Now the dress I’ve been showing Therese in is the second outfit I purchased along with the doll, her “Sunday Best.” Whenever possible, I believe in purchasing an additional outfit with a doll. It gives her something special that’s all her own, as well as a much needed change of attire. In this case it was doubly important, since I didn’t want Therese to remain a nun if she didn’t feel like it. Therese’s outfit arrived in a simple but attractive box.
I really appreciate the attention to detail as shown by the ribbon decoration and sticker.
The dress is Victorian in style, and made from a soft, satiny, stretchy fabric in the most beautiful rich blue hue with cream ruffle details.
It has cloth-covered buttons up the front, and comes with lovely matching boots, white tights, a hair bow, and an optional sash. It closes in the back with Velcro.
The whole outfit is gorgeous. It has a hand-crafted feeling, and the details are exquisite. The tights are actually a real legging material. The boots are one of my favorite pairs of doll shoes ever.
They have an ingenious flap closure that is lined with hook-and-loop tape which makes them very easy to take on and off. They are simple but beautiful. Speaking of shoes, I have to show you the sandals that Therese arrived wearing!
Again, they are simple but so pretty. I like that they can be worn equally well with her nun’s habit or with a secular sun dress or even shorts. I especially love the way they show off her pretty toenails!
Therese looks wonderful in her second outfit. Since my Therese doll is going to be freed from her sainthood (in fact, none of my dolls ever remain as their original characters), I tried her in a variety of historical dresses from American Girl and various Etsy artisans. I think she looks wonderful in most historical styles, especially Victorian and Edwardian era dresses. She is even comfortable going modern, as long as she’s not forced to wear anything too up-to-the-minute trendy. Here is a quick sampling of dresses that I thought looked especially nice on Therese:
This gorgeous dress was made by Lily Kay doll clothes.
Therese looked wonderful in Regency fashions.
She even surprised me by looking sweet in this American Girl Beforever Samantha dress.
Here she is in my favorite Pleasant Company Kirsten dress.
Another Beforever outfit, this time Rebecca’s.
I cooed when I put her in this Samantha tea gown!
She really liked Samantha’s wardrobe.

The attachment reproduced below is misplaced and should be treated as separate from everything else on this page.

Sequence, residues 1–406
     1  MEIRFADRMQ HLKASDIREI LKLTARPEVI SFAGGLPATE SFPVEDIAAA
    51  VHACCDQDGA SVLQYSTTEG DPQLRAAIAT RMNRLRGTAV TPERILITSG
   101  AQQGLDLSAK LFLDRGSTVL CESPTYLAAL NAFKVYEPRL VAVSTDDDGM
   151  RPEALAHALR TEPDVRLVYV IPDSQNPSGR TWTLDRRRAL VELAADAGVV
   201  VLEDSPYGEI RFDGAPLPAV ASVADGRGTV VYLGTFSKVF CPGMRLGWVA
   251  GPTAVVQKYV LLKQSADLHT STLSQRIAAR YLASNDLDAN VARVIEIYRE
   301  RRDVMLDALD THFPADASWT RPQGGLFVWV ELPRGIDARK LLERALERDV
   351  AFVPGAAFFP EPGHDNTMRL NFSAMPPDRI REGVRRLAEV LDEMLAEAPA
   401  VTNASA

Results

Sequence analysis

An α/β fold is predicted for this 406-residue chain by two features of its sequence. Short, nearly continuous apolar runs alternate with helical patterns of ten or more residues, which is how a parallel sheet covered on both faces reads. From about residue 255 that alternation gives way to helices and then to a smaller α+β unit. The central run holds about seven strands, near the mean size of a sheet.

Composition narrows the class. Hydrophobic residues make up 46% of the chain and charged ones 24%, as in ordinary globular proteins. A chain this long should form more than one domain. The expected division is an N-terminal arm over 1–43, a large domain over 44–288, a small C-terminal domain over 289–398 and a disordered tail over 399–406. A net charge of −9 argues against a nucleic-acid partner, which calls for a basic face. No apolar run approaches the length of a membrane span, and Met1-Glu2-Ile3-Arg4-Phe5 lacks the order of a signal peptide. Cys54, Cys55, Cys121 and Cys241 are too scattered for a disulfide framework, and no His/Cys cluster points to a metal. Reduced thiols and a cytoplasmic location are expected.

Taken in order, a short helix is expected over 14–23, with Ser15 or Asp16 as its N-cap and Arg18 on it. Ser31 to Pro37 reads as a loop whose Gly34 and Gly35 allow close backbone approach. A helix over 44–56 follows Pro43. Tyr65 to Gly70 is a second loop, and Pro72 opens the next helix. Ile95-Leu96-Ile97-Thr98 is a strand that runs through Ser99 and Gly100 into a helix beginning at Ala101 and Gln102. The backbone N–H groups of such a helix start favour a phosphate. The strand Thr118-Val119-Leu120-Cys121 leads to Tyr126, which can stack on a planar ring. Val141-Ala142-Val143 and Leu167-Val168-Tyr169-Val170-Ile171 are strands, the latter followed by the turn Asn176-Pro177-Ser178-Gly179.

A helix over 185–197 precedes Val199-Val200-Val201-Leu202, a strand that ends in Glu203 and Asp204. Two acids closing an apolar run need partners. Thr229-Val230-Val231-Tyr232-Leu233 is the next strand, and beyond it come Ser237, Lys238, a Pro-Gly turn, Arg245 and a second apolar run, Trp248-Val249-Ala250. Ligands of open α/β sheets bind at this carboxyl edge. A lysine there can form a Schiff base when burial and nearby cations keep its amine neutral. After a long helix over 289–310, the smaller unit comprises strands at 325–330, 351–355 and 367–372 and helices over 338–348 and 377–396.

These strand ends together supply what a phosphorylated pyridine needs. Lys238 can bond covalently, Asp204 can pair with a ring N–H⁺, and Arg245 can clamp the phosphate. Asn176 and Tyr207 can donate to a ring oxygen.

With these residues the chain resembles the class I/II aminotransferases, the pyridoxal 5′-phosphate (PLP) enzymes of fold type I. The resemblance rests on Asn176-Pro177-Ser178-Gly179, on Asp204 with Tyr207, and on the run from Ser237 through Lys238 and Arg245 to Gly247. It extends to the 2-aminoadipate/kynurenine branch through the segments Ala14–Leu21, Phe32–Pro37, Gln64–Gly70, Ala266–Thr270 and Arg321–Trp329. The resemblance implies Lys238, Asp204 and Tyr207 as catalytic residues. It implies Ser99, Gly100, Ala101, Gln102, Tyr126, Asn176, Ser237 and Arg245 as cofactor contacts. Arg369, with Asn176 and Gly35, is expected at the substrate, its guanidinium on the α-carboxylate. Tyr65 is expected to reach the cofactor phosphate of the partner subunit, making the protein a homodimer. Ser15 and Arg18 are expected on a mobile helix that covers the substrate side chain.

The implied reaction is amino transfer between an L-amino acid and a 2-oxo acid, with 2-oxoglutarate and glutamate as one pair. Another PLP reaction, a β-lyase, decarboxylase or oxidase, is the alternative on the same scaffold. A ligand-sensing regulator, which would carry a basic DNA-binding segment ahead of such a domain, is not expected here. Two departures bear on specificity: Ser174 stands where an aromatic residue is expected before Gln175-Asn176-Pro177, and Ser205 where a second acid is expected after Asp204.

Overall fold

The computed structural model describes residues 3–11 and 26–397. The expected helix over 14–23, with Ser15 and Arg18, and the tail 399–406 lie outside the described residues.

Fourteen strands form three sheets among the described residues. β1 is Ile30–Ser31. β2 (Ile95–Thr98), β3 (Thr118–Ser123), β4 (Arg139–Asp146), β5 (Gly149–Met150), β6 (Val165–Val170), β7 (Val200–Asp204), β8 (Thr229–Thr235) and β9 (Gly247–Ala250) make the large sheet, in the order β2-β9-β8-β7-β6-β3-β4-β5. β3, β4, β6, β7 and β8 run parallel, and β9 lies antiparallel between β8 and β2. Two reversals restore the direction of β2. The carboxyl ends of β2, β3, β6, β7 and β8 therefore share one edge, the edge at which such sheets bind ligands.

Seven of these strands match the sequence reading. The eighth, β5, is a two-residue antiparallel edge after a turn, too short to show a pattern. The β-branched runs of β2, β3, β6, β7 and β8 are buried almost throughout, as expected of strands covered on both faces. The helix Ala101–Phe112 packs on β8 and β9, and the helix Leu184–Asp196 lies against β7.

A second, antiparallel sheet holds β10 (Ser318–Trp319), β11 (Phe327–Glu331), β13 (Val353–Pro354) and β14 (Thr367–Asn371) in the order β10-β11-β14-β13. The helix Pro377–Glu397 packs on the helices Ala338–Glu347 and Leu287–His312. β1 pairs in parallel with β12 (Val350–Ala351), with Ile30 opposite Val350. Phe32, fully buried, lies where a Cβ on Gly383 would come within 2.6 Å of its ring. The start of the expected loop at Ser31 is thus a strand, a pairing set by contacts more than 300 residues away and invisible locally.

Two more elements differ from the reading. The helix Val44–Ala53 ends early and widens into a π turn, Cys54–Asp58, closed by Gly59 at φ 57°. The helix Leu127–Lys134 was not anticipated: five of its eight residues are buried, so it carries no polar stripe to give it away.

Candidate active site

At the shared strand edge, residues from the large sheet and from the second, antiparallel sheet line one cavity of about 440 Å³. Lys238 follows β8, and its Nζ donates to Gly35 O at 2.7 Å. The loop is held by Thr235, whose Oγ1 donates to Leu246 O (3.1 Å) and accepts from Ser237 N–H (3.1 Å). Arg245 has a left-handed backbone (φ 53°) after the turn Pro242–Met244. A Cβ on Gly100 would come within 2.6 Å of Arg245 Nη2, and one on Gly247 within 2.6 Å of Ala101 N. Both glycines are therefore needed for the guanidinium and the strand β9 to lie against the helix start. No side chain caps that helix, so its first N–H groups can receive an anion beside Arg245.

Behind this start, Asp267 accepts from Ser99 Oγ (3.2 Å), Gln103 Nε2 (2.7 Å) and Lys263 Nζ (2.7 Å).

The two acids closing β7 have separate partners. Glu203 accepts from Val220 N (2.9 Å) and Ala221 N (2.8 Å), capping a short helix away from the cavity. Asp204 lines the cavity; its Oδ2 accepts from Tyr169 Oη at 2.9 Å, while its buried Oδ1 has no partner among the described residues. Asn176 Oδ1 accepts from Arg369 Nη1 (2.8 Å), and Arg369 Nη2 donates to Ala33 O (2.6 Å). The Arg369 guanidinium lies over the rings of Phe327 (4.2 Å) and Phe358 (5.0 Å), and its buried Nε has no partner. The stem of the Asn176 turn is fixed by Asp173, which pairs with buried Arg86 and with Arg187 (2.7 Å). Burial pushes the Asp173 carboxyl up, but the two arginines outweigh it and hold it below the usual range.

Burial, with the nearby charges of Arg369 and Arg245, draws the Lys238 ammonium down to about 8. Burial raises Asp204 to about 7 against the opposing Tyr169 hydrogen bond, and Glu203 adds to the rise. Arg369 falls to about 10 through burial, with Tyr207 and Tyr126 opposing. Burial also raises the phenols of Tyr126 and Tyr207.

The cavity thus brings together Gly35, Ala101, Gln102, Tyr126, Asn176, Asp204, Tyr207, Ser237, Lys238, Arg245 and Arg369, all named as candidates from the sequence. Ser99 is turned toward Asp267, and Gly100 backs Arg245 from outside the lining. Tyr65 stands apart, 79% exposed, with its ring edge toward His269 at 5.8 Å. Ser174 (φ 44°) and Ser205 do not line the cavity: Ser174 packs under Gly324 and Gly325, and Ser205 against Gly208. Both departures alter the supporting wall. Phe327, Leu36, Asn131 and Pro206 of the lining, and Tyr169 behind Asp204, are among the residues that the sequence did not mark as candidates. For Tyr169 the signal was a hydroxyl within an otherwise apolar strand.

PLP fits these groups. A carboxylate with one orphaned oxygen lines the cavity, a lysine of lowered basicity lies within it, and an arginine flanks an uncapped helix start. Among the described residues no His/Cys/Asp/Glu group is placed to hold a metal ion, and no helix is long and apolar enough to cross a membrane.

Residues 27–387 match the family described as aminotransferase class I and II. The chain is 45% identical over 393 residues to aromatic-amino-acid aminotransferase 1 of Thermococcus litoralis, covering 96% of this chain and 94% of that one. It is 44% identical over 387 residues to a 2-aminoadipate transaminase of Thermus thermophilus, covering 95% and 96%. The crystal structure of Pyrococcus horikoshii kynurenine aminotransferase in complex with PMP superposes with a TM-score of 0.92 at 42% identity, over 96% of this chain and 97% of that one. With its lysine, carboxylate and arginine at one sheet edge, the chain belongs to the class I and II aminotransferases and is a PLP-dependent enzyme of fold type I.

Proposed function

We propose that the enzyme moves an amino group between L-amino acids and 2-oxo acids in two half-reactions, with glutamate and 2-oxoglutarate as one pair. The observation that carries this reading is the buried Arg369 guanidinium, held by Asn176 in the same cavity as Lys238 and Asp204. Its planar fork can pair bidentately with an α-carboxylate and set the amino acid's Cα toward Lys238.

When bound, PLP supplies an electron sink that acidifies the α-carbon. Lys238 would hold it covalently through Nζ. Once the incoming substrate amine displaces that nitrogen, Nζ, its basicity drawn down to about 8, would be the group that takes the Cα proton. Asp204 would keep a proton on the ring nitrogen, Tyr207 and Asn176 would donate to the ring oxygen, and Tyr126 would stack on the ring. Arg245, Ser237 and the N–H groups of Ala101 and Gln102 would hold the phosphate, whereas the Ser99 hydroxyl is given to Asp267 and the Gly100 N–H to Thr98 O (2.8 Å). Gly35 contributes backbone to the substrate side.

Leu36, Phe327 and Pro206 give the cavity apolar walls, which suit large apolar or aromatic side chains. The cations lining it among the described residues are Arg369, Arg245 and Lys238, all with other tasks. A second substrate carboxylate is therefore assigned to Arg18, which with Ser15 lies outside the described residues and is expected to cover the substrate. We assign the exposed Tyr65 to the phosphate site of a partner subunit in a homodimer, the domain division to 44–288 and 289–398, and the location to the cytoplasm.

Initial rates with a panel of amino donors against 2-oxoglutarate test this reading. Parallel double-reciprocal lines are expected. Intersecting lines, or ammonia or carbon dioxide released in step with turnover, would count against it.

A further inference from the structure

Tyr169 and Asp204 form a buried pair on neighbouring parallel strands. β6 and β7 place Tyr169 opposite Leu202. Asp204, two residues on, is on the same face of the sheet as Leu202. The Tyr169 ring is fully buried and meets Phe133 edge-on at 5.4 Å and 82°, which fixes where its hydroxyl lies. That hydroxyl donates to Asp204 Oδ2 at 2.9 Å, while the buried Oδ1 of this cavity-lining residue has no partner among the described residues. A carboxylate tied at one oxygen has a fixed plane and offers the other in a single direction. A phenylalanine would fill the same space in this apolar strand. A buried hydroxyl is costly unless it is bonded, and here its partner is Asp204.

But I really liked her in Rebecca’s.
And just to prove that she can go modern….
Both of these last two outfits are older American Girl outfits. Therese likes them because they’re not too trendy.
After modeling for me very patiently, Therese was excited to explore the garden. She looked so at home in the garden that she kept reminding me of Mary Lennox from A Secret Garden as I snapped pictures.
Therese wanted to know why the tulips were in cages. I told her that when she watches the deer leap the four-foot fence, she’ll understand.
At least the wire cages gave her something to climb up on so she could look at the flowers up close.
She was fascinated by their forms and colors.
I showed her the pansies and she was charmed by those as well.
Therese is so beautiful that she reminds me of a flower.
Finally she stopped in the middle of the garden and took a survey of all the new growth that May was calling forth.
She seemed happy and peaceful in her new home.
Yet she has such an inquisitive expression at times that I expect her to ask a question!
This is truly a special doll. I am so happy to have taken the plunge and supported this company. Now that I’ve seen how special the Therese doll is I’ve started wondering about Joan of Arc…. But for now I’m happily enjoying the company of my sweet, earnest, gentle new doll-friend. In her nun’s habit she reminds me of Ingrid Bergman’s character in The Bells of St. Mary’s. Out of it she is a thoughtful, charming, curious, and kind girl. I’ve named her Josette Dorothea, or Josie for short. She is an inspiring and wonderful spring-time companion, and I can imagine that for a Catholic child this doll might well provide inspiration for a lifetime.